How is Union with Christ understood [in Catholicism]?
The third stage/way/state of the spiritual life is the unitive.
It is called the state of "perfect charity", because souls who have reached that state are ever prompt in the exercise of charity by loving God habitually and by frequent and efficacious acts of that Divine virtue. It is called the "unitive" way because it is by love that the soul is united to God, and the more perfect the charity, the closer and more intimate is the union. Union with God is the principal study and endeavor of this state. It is of this union St. Paul speaks when he says: "He who is joined to the Lord, is one spirit." (1 Corinthians 6:17). Souls thus united to God are penetrated by the highest motives of the theological and moral virtues. In every circumstance of their lives the supernatural motive which ought to guide their actions is ever present to their mind, and the actions are performed under its inspiration with a force of will which makes their accomplishment easy and even delightful. These perfect souls are above all familiar with the doctrine and use of consolations and desolations. They are enlightened in the mysteries of the supernatural life, and they have experience of that truth proclaimed by St. Paul when he said: "We know that to them that love God, all things work together unto good, to such as, according to His purpose, are called to be saints." (Romans 8:28). 1
Aside from this habitual state of imitation of Christ, we could also say that one experiences union with Christ in other senses at different times, but someone more learned than me would have to enumerate them all.
We could certainly say we are united with Christ when we are members of His Mystical body (i.e. the Church):
The analogy borne by any society of men to an organism is sufficiently manifest. In every society the constituent individuals are united, as are also the members of a body, to effect a common end; while the parts they severally play correspond to the functions of the bodily organs. They form a moral unity. This, of course, is true of the Church, but the Church has also a unity of a higher order; it is not merely a moral but a mystical body. This truth, that the Church is the mystical body of Christ, all its members being guided and directed by Christ the head, is set forth by St. Paul in various passages, more especially in Ephesians 4:4-13 (cf. John 15:5-8). The doctrine may be summarized as follows:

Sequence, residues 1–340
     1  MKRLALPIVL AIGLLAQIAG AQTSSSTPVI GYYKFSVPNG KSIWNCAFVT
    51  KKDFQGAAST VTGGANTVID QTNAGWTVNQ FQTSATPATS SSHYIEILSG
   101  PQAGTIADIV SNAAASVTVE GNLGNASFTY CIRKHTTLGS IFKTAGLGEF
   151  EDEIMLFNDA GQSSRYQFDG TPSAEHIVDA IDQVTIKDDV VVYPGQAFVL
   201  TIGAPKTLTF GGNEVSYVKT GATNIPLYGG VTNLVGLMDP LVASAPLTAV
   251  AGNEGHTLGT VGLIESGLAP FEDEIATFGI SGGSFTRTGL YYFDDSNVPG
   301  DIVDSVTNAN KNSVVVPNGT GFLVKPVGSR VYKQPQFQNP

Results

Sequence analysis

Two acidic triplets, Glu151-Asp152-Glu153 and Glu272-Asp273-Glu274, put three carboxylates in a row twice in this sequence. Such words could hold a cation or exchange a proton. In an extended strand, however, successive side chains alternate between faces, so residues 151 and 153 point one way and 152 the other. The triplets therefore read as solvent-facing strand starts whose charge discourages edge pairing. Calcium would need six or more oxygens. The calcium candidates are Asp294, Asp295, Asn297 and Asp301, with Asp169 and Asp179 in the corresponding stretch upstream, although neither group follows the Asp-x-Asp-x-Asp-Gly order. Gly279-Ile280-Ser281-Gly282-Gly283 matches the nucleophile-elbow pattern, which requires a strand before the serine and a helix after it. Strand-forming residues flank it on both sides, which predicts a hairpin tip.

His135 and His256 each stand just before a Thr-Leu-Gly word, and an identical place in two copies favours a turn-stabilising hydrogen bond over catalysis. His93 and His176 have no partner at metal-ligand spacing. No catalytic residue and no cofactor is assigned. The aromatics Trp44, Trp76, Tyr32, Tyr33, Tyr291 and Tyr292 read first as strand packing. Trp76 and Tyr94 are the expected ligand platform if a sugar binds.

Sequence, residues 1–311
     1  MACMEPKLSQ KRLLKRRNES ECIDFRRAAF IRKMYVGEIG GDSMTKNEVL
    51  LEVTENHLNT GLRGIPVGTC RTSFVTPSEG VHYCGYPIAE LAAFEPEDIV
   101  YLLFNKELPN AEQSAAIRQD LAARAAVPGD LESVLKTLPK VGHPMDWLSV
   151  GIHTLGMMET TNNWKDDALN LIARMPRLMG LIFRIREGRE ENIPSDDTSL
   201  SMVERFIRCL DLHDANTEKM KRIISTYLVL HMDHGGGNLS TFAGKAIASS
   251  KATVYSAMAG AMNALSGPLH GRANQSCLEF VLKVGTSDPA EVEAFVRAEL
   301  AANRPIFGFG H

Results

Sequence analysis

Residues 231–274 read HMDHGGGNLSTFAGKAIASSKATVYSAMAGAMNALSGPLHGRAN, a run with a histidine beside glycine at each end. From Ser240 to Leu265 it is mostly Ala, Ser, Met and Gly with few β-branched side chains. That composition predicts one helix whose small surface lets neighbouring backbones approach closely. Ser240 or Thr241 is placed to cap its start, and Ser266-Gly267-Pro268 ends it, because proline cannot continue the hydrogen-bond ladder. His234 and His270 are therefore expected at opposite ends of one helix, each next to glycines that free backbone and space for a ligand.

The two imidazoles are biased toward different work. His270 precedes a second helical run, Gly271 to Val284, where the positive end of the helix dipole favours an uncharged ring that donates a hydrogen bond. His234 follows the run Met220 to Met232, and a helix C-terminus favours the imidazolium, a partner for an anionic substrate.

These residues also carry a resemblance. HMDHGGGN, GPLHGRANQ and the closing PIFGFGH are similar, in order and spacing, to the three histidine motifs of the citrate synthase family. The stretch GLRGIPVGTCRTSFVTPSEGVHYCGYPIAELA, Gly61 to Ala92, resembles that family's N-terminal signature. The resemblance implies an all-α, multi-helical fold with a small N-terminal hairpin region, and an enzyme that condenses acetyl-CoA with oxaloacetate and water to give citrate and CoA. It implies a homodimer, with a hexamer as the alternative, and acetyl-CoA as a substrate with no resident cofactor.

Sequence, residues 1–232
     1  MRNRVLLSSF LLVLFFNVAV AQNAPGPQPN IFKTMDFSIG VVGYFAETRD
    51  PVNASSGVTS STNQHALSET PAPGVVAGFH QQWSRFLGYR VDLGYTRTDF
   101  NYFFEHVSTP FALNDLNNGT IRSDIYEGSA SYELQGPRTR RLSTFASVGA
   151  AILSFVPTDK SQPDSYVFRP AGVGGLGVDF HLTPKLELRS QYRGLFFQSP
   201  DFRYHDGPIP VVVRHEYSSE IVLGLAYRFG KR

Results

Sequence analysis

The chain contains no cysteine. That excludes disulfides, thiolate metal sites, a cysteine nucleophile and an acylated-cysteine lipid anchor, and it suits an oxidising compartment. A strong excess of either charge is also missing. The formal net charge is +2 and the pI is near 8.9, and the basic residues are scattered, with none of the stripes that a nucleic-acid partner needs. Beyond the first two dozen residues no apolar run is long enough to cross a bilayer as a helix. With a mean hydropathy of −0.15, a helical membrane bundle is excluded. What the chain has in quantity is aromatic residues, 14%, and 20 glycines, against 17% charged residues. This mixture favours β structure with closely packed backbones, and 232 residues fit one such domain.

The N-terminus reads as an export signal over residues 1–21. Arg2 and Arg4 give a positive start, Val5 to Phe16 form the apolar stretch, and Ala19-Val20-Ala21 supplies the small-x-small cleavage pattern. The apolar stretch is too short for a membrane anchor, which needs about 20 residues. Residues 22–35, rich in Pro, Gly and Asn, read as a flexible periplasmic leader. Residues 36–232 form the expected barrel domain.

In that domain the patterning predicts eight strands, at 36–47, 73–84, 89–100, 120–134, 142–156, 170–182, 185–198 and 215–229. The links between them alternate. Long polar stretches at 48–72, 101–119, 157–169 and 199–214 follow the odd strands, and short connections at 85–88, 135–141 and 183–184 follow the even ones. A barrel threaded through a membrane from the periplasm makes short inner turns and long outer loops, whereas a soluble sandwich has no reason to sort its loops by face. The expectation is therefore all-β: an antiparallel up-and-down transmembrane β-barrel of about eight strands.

- The members of the Church are bound together by a supernatural life communicated to them by Christ through the sacraments (John 15:5). Christ is the centre and source of life to Whom all are united, and Who endows each one with gifts fitting him for his position in the body (John 15:7-12). These graces, through which each is equipped for his work, form it into an organized whole, whose parts are knit together as though by a system of ligaments and joints (John 15:16; Colossians 2:19).
- Through them, too, the Church has its growth and increase, growing in extension as it spreads through the world, and intensively as the individual Christian develops in himself the likeness of Christ (John 15:13-15).
- In virtue of this union the Church is the fulness or complement (pleroma) of Christ (Ephesians 1:23). It forms one whole with Him; and the Apostle even speaks of the Church as "Christ" (1 Corinthians 12:12).
- This union between head and members is conserved and nourished by the Holy Eucharist. Through this sacrament our incorporation into the Body of Christ is alike outwardly symbolized and inwardly actualized; "We being many are one bread, one body; for we all partake of the one bread" (1 Corinthians 10:17). 2
Or when we are simply in a state of grace:
Union with God belongs substantially to all souls in a state of grace, but it is in a special manner the distinguishing characteristic of those in the unitive way or in the state of the perfect. 1
The friendship of God is consequently, one of the most excellent of the effects of grace... According to the Scriptural concept (Wisdom 7:14; John 15:15) this friendship resembles a mystical matrimonial union between the soul and its Divine spouse (Matthew 9:15; Revelation 19:7). 3